Category Archives: LIS Education in the 21st Century

The hyperlinked school library: engage, explore, celebrate

Dr Michael Stephens delivered the Dr Laurel Anne Clyde Memorial Keynote Address at the ASLA XXI Biennial Conference, held in Perth, Western Australia, from 29 September to 2 October 2009.

Reprinted with permission from the Australian School Library Association Inc. (ASLA) Access 2010 24(1): 5.

The evolving Web is an open and social place. The Web has changed everything. Its impact on every facet of our lives — home, work and school — would be difficult to measure but the ‘always on, always available’ Internet is certainly a game changer. Can you recall the first time you realised that the Internet would change your job? Your school? Your students?

Dr Laurel Anne Clyde recognised the power and potential for emerging technologies in schools and spent time exploring the implications. As technology evolved, so did her research. Her work examining weblogs was one of the first scholarly endeavours with emerging Web 2.0 tools. Now many of us study and move in a world of hyperconnected spaces: Facebook, WordPress Multi- User Blog communities (WordPress MU), Flickr and any number of socially enabled sites.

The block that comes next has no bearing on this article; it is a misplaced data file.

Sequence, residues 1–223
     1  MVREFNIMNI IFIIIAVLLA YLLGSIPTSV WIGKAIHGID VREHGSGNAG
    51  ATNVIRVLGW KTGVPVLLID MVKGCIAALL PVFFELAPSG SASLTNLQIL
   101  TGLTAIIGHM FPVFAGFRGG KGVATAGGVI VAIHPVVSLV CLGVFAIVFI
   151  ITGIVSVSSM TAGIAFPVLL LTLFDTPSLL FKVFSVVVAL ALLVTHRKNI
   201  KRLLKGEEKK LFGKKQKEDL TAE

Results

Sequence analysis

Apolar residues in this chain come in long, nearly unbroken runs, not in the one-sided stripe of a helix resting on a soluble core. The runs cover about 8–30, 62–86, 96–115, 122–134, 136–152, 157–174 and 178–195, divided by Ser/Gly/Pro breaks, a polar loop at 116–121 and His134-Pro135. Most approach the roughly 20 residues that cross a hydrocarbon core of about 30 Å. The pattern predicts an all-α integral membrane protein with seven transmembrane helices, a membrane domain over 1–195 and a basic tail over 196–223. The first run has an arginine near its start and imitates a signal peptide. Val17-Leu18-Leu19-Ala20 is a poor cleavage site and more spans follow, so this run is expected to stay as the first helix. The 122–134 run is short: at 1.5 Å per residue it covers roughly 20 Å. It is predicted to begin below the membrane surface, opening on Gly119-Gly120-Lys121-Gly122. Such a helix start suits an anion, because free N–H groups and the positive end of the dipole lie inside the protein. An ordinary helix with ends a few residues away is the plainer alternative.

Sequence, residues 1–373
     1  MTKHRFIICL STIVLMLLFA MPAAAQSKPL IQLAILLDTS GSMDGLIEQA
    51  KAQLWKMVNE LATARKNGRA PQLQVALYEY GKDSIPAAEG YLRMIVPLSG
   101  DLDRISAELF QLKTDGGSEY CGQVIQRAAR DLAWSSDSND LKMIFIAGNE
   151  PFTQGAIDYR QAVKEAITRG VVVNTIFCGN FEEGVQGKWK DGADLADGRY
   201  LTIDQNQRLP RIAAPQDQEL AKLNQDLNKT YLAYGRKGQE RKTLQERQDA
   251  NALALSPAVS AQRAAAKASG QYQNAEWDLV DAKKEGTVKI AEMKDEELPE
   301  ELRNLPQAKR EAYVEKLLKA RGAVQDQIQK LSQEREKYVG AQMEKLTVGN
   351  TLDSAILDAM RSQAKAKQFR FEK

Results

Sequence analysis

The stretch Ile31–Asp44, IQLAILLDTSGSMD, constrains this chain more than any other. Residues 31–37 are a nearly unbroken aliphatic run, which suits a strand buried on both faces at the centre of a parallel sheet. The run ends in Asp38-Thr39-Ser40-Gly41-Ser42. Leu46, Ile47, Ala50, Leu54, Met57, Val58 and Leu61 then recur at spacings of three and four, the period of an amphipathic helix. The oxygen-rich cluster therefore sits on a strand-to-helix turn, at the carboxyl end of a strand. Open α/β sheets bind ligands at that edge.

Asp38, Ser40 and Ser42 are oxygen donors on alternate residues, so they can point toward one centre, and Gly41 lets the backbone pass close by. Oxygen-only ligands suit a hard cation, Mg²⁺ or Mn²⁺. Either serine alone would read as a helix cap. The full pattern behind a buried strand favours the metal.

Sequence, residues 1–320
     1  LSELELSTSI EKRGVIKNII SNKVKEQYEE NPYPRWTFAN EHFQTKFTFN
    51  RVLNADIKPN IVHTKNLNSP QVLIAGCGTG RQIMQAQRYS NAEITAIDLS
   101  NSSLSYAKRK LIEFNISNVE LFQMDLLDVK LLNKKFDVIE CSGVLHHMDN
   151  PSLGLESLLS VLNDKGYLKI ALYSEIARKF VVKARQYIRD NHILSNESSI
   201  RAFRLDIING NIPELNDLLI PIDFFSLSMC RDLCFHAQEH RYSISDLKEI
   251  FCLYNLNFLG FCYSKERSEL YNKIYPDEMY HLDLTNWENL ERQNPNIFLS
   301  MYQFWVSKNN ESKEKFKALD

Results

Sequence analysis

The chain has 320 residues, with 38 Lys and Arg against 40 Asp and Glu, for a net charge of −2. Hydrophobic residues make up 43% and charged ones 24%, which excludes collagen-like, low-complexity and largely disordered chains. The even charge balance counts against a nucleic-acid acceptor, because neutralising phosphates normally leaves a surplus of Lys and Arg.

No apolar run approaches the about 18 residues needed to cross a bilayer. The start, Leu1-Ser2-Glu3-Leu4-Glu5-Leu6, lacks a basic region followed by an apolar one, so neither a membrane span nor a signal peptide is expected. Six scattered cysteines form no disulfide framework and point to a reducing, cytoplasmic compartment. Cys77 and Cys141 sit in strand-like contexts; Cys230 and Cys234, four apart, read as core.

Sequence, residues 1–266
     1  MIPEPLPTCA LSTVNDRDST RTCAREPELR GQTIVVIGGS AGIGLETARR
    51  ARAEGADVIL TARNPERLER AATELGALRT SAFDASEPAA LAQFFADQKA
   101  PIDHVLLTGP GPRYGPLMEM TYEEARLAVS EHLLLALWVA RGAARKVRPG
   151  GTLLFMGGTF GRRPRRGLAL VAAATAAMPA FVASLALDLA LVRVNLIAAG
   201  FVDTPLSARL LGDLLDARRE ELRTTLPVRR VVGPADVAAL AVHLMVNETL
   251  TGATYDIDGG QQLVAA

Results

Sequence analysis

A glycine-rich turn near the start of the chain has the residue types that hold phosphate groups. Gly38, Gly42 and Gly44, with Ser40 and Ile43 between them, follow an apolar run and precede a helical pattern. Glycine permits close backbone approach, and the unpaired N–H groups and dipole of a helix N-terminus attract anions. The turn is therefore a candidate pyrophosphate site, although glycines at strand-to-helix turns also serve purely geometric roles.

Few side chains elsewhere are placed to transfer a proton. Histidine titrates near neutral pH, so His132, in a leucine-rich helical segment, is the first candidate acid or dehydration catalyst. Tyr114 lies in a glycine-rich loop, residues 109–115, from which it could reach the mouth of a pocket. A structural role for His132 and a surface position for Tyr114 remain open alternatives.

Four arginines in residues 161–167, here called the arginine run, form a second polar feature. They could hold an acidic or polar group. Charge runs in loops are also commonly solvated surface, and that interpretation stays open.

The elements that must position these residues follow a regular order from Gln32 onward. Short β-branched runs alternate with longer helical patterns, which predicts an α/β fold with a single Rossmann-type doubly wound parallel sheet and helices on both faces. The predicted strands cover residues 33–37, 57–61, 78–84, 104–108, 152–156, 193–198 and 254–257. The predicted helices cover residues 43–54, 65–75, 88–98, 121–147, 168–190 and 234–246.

What a world Dr. Clyde would see today!

Sadly, this world includes the fact that many libraries are suffering financial setbacks. The recent news that Australian school libraries are in dire need of support all too well illustrates that changes are needed. The press release from the Australian School Library Association (ASLA 2009) detailed the findings of a 2007 study by the Organisation for Economic Co-operation and Development (OECD), including:

That means ensuring there are enough qualified teacher librarians as well as maintaining and improving infrastructure. Having a new or refurbished school library is important, but the full potential of these resources cannot be realised without a qualified teacher librarian in place as well.

This fact cannot be ignored. Schools need qualified librarians. And in this Web-enhanced world, the qualifications and skill sets required are many.

Today’s teacher librarian (TL) must master foundational skills built on our core values, understand the importance of a strong and useful collection of materials and resources AND be knowledgeable in the emerging world of online social engagement. Exploring emerging tools and trends should be part of every qualified TL’s duties. Dr Clyde wrote (2004) about the use of blogs in the library setting: